With the fanatic following of the Hong Kong action films and the explosive Hollywood career of Jackie Chan, it was only a matter of time until the mega-Hollywood bucks turned on Chow Yun-Fat (John Woo's Hard Boiled) and catapulted him into the Hollywood big time.
A prolific assassin is required to carry out a revenge shooting of a police officer who shot the crime bosses son during a drug raid. Poised to carry out the shooting, he cannot pull the trigger as he watches his prey through the telescopic sight of his rifle playing with his son Lee goes on the run and Mr. Wei never lets anyone leave his employment and hires replacement killers to track him down.
Whilst searching for a document forger to leave the country under a different identity he meets the beautiful Meg Coburn. With the killers, and their immense number of guns, on their tail they soon have to take a stand and fight back. So ensues a hail of bullets, explosions, bone crunching kung-fu, a kicking techo-beat and the final face-off between John Lee and Mr. Wei.
The picture is sharp and the sound is used effectively, especially during the numerous shoot outs, and with the excellent techo sound track it is easy to recommend.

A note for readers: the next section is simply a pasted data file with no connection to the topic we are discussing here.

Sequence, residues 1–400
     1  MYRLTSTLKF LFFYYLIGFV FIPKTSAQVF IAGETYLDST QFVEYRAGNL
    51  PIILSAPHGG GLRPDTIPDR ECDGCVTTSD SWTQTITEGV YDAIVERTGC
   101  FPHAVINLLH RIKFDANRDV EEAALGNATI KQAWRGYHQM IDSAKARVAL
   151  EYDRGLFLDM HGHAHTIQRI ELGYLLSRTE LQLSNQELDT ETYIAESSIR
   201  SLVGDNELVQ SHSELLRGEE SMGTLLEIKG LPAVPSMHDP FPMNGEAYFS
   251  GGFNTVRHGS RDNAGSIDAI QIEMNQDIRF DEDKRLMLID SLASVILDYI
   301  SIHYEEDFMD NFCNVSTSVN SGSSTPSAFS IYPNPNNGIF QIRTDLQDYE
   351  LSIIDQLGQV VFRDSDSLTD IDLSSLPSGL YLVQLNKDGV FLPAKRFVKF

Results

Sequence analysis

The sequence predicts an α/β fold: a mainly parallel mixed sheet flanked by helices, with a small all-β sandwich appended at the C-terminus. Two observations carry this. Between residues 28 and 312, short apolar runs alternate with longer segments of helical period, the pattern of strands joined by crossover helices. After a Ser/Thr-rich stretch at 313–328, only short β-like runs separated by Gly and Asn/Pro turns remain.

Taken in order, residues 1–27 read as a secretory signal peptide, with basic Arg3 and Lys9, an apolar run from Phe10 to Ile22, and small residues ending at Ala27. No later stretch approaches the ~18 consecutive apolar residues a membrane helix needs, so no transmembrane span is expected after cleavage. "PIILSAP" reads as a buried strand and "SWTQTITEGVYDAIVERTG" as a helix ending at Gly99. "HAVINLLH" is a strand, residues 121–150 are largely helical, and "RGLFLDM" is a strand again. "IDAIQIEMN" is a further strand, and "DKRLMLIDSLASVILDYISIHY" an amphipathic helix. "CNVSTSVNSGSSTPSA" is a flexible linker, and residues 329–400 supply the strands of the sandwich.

This is an early disc from Columbia and has hardly any of the extras which we've come accustomed to with their newer releases. However, with this action-packed thriller firing on all cylinders, and the fact that we don't have to read the subtitles whilst the audio is in Mandarin, it is something which we can overlook this time.
This film is no different to any other Chow Yun-Fat film, and anyone who follows the Hong Kong action scene will be pleased with the extra budget which is spent wisely. John Woo's influence can be seen through the film with the usual slow motion action scenes, so long a trait of his, and indeed he is one of the executive producers.
- Theatrical Trailer